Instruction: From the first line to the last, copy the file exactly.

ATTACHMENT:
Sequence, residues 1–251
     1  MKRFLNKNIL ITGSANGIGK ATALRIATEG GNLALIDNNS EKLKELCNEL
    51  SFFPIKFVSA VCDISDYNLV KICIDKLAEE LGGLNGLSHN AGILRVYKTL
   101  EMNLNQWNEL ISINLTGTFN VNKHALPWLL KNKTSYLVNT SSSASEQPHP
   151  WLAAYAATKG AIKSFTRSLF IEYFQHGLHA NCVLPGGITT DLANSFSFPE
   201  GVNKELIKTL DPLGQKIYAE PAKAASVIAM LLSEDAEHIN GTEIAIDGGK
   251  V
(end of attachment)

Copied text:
Sequence, residues 1–251
     1  MKRFLNKNIL ITGSANGIGK ATALRIATEG GNLALIDNNS EKLKELCNEL
    51  SFFPIKFVSA VCDISDYNLV KICIDKLAEE LGGLNGLSHN AGILRVYKTL
   101  EMNLNQWNEL ISINLTGTFN VNKHALPWLL KNKTSYLVNT SSSASEQPHP
   151  WLAAYAATKG AIKSFTRSLF IEYFQHGLHA NCVLPGGITT DLANSFSFPE
   201  GVNKELIKTL DPLGQKIYAE PAKAASVIAM LLSEDAEHIN GTEIAIDGGK
   251  V